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‘Courage is to hold on’: How Kargil fighting turned 3 Army doctors into frontline soldiers

Vijay Kumar, Rajesh W. Adhau & V.V. Sharma were among doctors who won Sena Medal for Gallantry for playing pivotal role in reducing Indian casualties in the Kargil war.

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New Delhi: For Vijay Kumar, Rajesh W. Adhau and V.V. Sharma, being doctors was career, but their heart bled for the olive uniform — the Army.

As the country celebrates the 22nd anniversary of the Kargil Battle and pays homage to the bravehearts who made the supreme sacrifice while fighting Pakistani soldiers, the three doctors, who are now Colonels in the Army, are proud of having saved hundreds of lives during the battle.

The three doctors, along with another who is now retired, won the Sena Medal for Gallantry, for playing a pivotal role in reducing Indian casualties by treating the injured on the frontlines, amid heavy gun fire, with no regard for their own safety.

While these doctors knew what they had signed up for, the Kargil Battle brought out the best in them.

“Before joining the forces, I was aware of all these circumstances. You can learn from history that doctors have always played their role, even in old wars like World War 1 and World War II. But yes, it was really a different experience,” Col Kumar told ThePrint when asked if he knew what he was getting into when he signed up after finishing his MBBS.

He added: “A military hospital provides a stable environment and you are adequately equipped. But in Kargil, it was about managing the casualties in a rugged high-altitude area with no cover and especially under heavy enemy fire and artillery shelling. I used to manage casualties inside temporary bunkers, and also in the open, which was quite challenging in extreme weather conditions.”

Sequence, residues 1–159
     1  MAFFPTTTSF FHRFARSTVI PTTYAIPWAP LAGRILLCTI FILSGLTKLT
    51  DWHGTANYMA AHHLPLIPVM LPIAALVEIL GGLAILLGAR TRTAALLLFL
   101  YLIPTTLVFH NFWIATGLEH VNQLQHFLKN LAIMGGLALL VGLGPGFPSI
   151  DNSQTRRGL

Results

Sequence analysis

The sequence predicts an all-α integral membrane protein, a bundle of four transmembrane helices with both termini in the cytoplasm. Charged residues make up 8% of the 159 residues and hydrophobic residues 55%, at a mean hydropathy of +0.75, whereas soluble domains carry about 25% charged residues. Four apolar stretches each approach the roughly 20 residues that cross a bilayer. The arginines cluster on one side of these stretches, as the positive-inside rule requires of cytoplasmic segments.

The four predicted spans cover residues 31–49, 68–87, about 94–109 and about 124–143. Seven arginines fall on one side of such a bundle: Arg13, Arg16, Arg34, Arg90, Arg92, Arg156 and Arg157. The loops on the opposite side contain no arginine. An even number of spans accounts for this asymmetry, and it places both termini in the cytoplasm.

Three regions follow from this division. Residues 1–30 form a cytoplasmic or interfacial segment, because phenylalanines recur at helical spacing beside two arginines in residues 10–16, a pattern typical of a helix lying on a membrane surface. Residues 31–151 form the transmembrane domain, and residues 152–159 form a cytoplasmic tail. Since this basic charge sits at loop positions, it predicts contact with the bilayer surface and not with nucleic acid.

Also read: Vajpayee took journalists, analysts to Kargil frontlines. In 2020, Modi can’t even say ‘China’

In the line of fire

He is supported by Col Adhau who said when he first joined the Army, he was “so happy” to get his first posting at the prestigious Army Hospital Research & Referral, Delhi Cantt.

“I thought I would be there forever. I never really thought that I would be a part of an ongoing war, where I would be operating on soldiers wounded by gunshots in an area of extreme shelling from the enemy side,” he said.

But then once put into the frying pan, the doctors fought shoulder-to-shoulder with their fellow soldiers.

“War scene is dreadful, as one is surrounded by casualties, catastrophe, fear of impending death. That is natural but as they say ‘courage is to hold on a minute longer’ and the true gallantry, valour and zeal to defeat the enemy who had encroached our land with wrong intentions was far more motivating than the war scene and its after-effects,” Col Sharma said.

“Every passing day was creating epoch stories of heroism exemplified by our soldiers and officers. This motivated me to not let them down and I decided to move with them to the war zone in the middle of battle,” he said.